Cyber criminals are stepping up smaller, more targeted attacks according to the latest Internet Security Threat report from Symantec Corporation. During the second half of 2005, attackers continued to move away from broad attacks seeking to breach corporate systems, and they are now taking aim at desktop computers and web-based applications. Why? They want to avoid detection and reap bigger profits by stealing personal and financial information.
Malicious code such as viruses, worms and Trojan horses can unearth confidential information from a user's computer. These threats account for 4 out of 5 malicious software code attacks. Scams such as phishing attacks that trick users into revealing information such as passwords, credit card information and other financial information are also on the rise.
Companies protect themselves from these external threats using firewall hardware and software to keep unauthorized users out of their systems. Desktop and laptop computers have anti-virus software running on them to detect and reject malicious code. Some organizations use third-party services such as AITP member Network Vigilance to monitor their network connections for cyber criminals trying to break in.
Visa and MasterCard require companies to protect all credit card information in computer systems by encrypting it for storage and transmission. Only employees who have a legitimate "need to know" should be able to view a complete credit card number once it's entered into a system. Great care must also be taken with credit card information maintained in paper documents and files.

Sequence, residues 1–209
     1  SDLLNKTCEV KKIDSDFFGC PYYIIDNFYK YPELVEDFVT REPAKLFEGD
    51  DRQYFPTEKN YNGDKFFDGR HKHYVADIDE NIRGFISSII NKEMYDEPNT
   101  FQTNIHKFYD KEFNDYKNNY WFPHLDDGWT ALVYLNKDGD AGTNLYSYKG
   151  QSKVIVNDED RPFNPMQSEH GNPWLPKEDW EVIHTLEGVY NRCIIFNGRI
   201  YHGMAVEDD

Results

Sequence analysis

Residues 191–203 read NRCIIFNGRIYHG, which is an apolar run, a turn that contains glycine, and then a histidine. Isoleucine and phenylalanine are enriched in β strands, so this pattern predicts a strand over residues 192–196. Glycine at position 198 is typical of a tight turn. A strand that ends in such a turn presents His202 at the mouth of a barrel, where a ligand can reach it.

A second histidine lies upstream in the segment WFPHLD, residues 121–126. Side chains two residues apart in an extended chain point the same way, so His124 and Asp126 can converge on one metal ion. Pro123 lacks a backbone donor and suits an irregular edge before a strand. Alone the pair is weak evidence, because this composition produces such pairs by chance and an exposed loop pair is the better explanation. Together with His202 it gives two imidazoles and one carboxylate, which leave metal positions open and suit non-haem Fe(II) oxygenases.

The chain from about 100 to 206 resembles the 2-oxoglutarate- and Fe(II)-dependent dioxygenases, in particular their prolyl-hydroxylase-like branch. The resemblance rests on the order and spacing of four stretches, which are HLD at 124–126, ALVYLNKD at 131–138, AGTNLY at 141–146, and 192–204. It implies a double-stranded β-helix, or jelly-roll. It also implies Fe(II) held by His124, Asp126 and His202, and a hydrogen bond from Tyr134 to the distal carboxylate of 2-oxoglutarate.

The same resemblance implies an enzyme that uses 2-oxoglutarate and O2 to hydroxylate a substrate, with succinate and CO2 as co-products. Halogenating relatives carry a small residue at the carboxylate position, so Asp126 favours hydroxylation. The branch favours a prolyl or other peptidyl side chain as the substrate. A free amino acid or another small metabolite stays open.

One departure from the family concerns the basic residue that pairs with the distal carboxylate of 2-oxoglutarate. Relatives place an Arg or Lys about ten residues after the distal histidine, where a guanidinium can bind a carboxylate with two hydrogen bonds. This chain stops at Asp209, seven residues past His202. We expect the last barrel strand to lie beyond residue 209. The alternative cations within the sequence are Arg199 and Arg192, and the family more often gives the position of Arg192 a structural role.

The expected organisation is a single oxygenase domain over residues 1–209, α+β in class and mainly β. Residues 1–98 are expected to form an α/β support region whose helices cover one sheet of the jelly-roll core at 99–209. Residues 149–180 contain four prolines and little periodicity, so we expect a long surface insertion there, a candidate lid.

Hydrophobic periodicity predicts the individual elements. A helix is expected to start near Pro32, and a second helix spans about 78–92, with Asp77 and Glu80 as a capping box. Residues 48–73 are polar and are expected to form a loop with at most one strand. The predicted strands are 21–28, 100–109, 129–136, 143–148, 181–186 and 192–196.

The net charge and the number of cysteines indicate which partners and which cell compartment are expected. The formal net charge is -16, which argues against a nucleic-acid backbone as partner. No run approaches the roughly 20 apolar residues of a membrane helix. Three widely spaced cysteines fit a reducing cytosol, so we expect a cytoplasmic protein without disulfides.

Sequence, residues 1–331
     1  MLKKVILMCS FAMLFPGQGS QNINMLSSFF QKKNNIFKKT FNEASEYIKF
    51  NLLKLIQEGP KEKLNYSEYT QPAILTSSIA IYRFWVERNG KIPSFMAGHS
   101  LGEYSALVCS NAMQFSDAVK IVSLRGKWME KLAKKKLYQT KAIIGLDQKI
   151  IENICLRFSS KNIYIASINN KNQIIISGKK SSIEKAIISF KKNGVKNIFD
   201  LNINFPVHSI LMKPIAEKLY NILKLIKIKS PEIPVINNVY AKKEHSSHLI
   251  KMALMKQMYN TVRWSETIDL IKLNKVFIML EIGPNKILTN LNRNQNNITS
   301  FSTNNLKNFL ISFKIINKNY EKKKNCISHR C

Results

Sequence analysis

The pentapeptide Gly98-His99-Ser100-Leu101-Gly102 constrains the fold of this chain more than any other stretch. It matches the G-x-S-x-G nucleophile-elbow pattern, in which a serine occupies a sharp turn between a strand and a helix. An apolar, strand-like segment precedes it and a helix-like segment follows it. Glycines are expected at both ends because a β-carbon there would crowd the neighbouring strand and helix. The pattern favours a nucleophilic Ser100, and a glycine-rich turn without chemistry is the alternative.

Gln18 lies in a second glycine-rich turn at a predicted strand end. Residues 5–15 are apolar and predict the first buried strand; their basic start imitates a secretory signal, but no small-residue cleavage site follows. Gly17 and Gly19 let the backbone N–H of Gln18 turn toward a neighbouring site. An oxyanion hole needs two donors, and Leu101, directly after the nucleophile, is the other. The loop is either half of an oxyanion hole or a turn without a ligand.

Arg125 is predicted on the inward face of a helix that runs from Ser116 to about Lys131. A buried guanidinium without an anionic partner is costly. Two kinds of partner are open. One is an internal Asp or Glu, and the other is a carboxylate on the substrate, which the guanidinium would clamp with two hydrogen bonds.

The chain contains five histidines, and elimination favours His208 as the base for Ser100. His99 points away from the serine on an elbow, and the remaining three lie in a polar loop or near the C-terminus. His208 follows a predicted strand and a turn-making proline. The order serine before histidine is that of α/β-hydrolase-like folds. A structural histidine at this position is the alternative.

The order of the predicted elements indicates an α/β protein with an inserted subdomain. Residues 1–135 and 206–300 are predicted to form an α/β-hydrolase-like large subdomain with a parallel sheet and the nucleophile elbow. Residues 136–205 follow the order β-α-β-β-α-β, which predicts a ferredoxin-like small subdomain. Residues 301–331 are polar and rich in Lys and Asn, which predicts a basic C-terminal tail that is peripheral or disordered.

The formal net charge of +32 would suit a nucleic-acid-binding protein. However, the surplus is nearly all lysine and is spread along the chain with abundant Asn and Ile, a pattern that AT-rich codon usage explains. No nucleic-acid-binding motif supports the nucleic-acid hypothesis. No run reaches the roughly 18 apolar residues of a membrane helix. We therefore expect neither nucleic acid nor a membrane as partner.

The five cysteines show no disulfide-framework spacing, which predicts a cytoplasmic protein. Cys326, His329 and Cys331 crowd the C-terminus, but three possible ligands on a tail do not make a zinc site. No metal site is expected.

These are just some of the steps that organizations take to protect the personal and financial information of customers and employees. What can you do to help?
Make sure that personal and confidential information entrusted to IT is properly protected. Never share customer or employee information with anyone who doesn't have a legitimate "need to know" it.
Never give out information over the telephone, or transmit it electronically, just because someone asks for it. Ask yourself: "Is this a legitimate business request?" ... and then validate it.
Protect computer login information, and change passwords periodically. Most experts recommend at least once every 90 days. You can change them sooner.
Despite automated intrusion detection systems, you may be the first person to see a problem. If you suspect a problem with a computer, or you believe someone might be trying to obtain information through phishing or other schemes, report it to the appropriate manager in your organization. Instruct users not to try fixing problems themselves. With malicious code, it's important that they protect the evidence of a problem until someone from IT technical support or security looks at the computer.
Every AITP member has a role to play in protecting his or her organization's computers and networks, as well as the personal and financial information maintained on them. Working together, we are a strong line of defense against cyber criminals.